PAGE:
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The U.N., Russia and Ukraine: Can Russia Really Be Kicked Out?

Pictured: Mr. Arkady A. Sobolev, of the USSR, exercising veto power on the Security Council in 1955.

When the Ukraine invasion began, a Ukrainian diplomat made what seemed to be a relatively small comment about the potential to remove Russia from the Security Council (SC) in response. This call has now been echoed by a few others in the international community, but many are treating it as unrealistic. After all, Russia is a Permanent Five Member (P5) of the Security Council, and as such can veto any resolution calling for its removal. 

While the news is talking about this and the political implications of trying to remove Russia, most commentators have missed the real “behind the scenes” way in which Russia could be removed, not just from the SC, but possibly from the United Nations entirely. 

The key element here is that the “Russian Federation” does not exist as a Member State of the United Nations in the United Nations Charter and was never formally accepted through the usual process of States acceding to the United Nations. How did this happen? On 25 December 25 1991, the Union of Soviet Socialist Republics (USSR) ceased to exist, and the Russian Federation (plus other former Soviet States) was born. Russia, the United States and the West worked out a deal allowing Russia to take over the seat of the Soviet Union at the UN, but this was never formally approved by the recommendation of the Security Council, or a vote of the General Assembly. Instead, the United Nations Credentials Committee met and, without objection, accepted the Russian Federation into the United Nations, allowing it to be seated on the Security Council and other bodies as if it were the Soviet Union. There was an unspoken understanding in place—so long as no one objected, the Russian Federation could be seated.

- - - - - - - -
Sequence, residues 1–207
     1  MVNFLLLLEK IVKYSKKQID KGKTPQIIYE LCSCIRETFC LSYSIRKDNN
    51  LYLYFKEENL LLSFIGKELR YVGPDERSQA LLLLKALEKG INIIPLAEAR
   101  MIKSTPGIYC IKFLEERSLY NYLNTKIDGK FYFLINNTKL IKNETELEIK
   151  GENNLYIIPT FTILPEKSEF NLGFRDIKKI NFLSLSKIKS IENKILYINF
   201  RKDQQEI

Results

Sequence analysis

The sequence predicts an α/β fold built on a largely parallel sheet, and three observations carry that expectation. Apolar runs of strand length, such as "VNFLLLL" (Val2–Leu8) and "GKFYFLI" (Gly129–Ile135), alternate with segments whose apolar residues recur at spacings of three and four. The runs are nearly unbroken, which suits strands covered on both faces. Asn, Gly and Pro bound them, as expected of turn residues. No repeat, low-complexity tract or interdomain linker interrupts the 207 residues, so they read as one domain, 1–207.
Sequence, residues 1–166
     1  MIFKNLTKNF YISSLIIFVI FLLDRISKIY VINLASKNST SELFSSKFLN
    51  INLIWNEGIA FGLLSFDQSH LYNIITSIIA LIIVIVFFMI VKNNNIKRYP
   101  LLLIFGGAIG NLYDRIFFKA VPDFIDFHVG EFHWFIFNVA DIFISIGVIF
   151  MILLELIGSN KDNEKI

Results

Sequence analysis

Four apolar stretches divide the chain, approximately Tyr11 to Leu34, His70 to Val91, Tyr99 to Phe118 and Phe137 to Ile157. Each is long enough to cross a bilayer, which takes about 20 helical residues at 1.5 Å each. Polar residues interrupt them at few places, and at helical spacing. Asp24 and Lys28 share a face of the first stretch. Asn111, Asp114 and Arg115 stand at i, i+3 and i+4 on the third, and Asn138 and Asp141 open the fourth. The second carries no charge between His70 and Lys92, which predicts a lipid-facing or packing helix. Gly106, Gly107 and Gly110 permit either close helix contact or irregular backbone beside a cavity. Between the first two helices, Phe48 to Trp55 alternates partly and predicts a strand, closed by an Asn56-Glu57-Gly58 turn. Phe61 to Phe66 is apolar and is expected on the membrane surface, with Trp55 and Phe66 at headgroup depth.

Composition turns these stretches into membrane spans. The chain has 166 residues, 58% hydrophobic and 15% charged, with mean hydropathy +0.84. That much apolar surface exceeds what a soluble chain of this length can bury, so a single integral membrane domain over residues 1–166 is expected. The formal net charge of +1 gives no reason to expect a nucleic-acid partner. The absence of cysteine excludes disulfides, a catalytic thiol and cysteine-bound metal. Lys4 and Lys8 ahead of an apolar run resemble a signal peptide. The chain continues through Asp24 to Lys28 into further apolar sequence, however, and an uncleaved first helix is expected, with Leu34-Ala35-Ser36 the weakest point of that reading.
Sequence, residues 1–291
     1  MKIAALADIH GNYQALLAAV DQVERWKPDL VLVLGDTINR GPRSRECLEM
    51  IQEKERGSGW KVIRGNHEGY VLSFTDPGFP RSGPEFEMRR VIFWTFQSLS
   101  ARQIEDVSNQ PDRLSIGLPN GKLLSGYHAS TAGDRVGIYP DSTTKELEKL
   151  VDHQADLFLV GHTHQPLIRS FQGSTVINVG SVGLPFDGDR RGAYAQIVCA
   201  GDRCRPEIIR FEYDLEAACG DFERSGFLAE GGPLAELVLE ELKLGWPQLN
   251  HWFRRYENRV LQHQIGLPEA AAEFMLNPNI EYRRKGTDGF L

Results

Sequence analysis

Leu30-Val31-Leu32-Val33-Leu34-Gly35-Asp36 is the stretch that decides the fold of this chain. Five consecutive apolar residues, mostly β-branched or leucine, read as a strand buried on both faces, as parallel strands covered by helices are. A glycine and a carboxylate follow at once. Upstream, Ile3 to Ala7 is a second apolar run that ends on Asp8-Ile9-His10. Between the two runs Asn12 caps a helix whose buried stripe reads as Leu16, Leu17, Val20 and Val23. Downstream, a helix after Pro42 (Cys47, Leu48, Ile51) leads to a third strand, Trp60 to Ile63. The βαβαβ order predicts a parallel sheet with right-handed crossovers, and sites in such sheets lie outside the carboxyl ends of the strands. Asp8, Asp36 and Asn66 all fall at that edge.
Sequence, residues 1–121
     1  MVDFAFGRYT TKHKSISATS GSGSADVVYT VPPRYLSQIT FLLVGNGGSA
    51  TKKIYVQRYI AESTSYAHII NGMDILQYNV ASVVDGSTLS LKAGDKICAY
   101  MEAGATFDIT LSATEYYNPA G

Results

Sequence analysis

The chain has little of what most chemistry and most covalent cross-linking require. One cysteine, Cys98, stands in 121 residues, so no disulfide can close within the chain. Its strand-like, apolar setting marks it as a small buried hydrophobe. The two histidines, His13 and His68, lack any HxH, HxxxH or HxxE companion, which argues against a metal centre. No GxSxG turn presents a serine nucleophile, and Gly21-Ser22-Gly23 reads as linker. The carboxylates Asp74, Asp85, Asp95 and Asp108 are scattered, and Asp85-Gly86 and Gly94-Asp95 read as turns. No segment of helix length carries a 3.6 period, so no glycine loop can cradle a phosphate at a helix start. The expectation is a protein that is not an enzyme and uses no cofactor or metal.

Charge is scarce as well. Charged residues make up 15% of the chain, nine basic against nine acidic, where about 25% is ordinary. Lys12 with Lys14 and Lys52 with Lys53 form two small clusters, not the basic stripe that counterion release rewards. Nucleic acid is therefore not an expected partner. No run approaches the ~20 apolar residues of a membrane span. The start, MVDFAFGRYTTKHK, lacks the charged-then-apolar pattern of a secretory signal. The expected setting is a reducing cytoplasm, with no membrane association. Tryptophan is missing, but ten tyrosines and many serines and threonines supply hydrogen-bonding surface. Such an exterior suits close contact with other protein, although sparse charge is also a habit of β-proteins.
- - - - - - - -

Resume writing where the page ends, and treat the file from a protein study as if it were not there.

In the current situation, there are two problems. First, the United Nations Charter was never amended. Chapter V, Article 23 lists the Permanent Members of the Security Council, and the USSR is still on that list. Russia is not. Second, the United Nations Credentials Committee is a body of the whole that meets at the beginning of every year to seat members. This is typically pro forma, accepting the diplomats from the various Member States of the United Nations. But in this case, the Committee made an exception to accept the Russian Federation. And what that Committee giveth, it may also taketh away. 

There is even precedent for this in the United Nations seat held by China. The Republic of China (Taiwan) held China’s seat from the founding of the United Nations in 1945 until 1971. At that time, with no formal change to the Charter, the Credentials Committee accepted representatives from the People’s Republic of China to take China’s seat, including on the Security Council. Nationalist China was out, and Communist China was in. This was done after long, behind the scenes negotiations, but nonetheless it was done informally, without using the full legal mechanisms of the United Nations Charter. 

So yes, the United Nations, through the Credentials Committee, could choose to not recognize Russia either for the entirety of its seats, or arguably on the Security Council alone. 

Before anyone goes too far though, the above is the history and technical side of how this could be done. The political question of should this be done is still paramount and will certainly drive any discussions of going through this process. Russia is in the United Nations as a P5 country because they are powerful, and in part because the United Nations has very little meaning as a peace and security body if the most powerful countries are not members. Pushing Russia out of the United Nations, or off of the Security Council, would be a true “nuclear option.” This is not likely to happen, and especially not likely unless all other forms of negotiation have ended and there is no hope to keep Russia within the community of States. 

The United Nations does not often condemn countries unless they are completely unwilling to come to the table to negotiate. Removal from the Security Council would be the ultimate condemnation.

Brian Endless, PhD is the President of the Board of American Model United Nations. His dissertation was on the United Nations Security Council and international legitimacy, including research into the makeup and procedures of the Security Council.

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